Have My Habits Changed?

Honing in on Your Habits: Recognise that anxiety may not solely stem from psychological factors. Consider lifestyle habits, like sleep quality or substance use, which may be exacerbating your anxiety. Self-reflection on these areas can lead to valuable insights.

How’s My Sleep? Evaluate the quality and duration of your sleep. Are there any noticeable changes in your sleeping patterns?

alcohol and anxiety

Have I Been Drinking More, or Feeling Progressively Worse After Drinking?

Assess your alcohol consumption and its potential correlation with your anxiety levels.

There are plenty of phone apps which can help you record and track your alcohol intake and allow users to take more control over how much they consume.


Self-care ideas to Manage Anxiety

Cultivate Mindfulness

Mindfulness is a powerful tool in managing anxiety. It involves being present in the moment without judgment. Practice deep breathing, meditation, or grounding exercises to anchor yourself during anxious moments. This practice helps create a sense of calm and reduces the intensity of anxious thoughts.

Establish Healthy Habits

A well-nourished body supports a healthy mind. Ensure you’re getting regular exercise, a balanced diet, and enough sleep. Avoid excessive caffeine or alcohol, as they can exacerbate anxiety. Small lifestyle changes can have a big impact on your overall well-being.

Practice Self-Compassion

Be kind to yourself. Understand that anxiety is a natural response to stress, and you’re not alone in experiencing it. Treat yourself with the same compassion and understanding you would offer a friend going through a similar situation.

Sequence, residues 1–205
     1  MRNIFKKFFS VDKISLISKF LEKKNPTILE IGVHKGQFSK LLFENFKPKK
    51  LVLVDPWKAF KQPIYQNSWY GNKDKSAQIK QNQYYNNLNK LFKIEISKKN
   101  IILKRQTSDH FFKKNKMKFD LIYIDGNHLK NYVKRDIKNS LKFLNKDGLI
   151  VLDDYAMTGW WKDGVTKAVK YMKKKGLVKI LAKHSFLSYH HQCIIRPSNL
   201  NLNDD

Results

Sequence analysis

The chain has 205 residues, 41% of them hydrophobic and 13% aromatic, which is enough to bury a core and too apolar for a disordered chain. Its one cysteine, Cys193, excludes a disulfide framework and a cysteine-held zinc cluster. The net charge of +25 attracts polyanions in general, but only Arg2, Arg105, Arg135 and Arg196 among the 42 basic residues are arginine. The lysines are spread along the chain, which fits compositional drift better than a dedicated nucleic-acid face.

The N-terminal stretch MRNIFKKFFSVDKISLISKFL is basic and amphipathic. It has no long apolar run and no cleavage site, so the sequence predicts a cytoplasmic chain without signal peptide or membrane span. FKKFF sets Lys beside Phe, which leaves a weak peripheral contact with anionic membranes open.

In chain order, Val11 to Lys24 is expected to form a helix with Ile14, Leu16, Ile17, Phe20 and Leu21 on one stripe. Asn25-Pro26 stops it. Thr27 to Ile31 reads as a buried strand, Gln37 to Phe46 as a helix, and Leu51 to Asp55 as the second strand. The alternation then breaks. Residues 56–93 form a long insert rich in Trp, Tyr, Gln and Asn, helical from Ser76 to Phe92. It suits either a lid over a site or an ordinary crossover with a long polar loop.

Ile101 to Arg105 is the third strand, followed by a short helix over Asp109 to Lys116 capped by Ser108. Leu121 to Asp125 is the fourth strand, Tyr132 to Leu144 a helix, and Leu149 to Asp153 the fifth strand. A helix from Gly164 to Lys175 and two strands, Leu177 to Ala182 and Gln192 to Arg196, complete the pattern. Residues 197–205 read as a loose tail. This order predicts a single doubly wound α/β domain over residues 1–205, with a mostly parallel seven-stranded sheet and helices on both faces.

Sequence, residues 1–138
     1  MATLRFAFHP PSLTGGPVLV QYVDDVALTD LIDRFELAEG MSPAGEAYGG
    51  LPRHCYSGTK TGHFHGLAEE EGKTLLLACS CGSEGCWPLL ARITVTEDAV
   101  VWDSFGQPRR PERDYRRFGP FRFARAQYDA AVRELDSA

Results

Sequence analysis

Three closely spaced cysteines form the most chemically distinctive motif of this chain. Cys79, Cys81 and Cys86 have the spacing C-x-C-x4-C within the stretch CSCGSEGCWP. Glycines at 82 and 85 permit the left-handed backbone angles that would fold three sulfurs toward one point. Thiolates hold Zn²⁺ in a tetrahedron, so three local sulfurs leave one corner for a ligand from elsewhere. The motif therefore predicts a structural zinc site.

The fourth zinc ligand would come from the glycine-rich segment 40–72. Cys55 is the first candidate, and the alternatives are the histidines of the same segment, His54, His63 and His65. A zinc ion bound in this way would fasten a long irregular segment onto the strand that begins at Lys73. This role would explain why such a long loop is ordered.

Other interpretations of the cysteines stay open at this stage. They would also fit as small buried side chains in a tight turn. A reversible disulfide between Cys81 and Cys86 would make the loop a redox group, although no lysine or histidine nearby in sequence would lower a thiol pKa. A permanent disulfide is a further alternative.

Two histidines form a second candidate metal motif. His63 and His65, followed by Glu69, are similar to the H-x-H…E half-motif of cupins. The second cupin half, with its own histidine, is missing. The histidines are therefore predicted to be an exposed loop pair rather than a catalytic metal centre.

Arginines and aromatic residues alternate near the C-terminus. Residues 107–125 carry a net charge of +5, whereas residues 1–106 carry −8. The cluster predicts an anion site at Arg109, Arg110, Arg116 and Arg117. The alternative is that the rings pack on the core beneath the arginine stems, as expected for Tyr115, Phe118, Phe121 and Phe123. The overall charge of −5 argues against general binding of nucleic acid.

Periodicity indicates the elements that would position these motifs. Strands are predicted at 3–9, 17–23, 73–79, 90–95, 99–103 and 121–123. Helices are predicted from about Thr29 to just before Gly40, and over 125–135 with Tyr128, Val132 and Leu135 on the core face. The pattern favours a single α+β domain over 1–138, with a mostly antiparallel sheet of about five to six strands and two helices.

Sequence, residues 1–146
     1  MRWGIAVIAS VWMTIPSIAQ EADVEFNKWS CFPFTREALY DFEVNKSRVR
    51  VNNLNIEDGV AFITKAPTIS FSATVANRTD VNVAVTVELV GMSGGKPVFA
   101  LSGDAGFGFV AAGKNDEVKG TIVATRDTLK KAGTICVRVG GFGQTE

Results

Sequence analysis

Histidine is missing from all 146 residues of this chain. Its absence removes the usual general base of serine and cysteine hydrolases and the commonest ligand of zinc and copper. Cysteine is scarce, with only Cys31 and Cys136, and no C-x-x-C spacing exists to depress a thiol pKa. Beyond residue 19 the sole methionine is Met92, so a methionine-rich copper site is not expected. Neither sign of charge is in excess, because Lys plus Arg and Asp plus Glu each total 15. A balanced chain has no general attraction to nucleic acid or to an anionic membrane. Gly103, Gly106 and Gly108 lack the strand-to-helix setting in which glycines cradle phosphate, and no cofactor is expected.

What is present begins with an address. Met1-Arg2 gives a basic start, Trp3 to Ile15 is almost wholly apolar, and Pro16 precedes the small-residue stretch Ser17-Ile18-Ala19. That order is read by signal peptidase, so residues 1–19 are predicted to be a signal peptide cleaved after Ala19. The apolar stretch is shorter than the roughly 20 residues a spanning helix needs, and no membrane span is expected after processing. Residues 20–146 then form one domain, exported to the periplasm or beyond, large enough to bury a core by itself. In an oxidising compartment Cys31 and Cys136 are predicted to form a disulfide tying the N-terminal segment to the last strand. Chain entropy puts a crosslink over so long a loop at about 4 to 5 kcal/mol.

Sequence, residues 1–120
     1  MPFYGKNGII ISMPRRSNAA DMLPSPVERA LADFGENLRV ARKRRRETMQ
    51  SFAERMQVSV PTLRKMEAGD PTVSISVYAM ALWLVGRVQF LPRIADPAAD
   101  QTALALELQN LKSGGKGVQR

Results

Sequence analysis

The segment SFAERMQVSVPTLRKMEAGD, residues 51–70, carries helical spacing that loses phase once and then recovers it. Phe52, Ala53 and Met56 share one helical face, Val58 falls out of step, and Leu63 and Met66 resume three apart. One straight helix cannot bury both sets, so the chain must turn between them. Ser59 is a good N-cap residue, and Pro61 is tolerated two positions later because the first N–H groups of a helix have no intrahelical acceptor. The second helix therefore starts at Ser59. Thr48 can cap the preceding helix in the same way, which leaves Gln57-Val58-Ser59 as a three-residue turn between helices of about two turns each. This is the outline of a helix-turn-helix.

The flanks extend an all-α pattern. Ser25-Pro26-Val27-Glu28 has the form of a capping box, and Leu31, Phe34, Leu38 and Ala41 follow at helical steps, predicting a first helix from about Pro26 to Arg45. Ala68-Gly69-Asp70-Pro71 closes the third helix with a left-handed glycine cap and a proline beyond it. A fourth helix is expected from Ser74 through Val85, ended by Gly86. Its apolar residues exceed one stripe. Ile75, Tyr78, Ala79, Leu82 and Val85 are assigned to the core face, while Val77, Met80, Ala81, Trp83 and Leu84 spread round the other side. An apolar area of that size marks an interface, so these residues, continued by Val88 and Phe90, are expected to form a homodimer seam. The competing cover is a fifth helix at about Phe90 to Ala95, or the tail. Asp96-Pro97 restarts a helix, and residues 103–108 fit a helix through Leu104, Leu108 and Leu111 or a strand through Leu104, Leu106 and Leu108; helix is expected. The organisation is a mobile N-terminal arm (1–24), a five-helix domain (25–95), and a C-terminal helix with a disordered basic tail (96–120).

Seek Support to Understand and Manage Your Anxiety

You’re not alone in this journey. Reach out to friends, family, or a mental health professional. Sharing your experiences can provide invaluable insights and support. Together, you can explore coping strategies and develop a toolbox of techniques to manage anxiety.

Claire at Insight Counselling has helped many people who are experiencing difficult levels of anxiety which are having a negative impact on their lives. Do get in touch if you’d like to work through some of these issues. This could be in person therapy in Hove or online if you are not local to Sussex. Here’s the contact form. 



Understanding and managing anxiety is a journey, not a destination. It requires patience, self-reflection, and a willingness to embrace change. Embarking on this self-reflective journey can provide invaluable insights into the roots of your anxiety, fears, and habits. By understanding these factors, you can take proactive steps towards managing and alleviating anxiety, ultimately promoting a greater sense of well-being and peace of mind.

Remember, seeking professional support, especially from a mental health specialist, is advised throughout this process.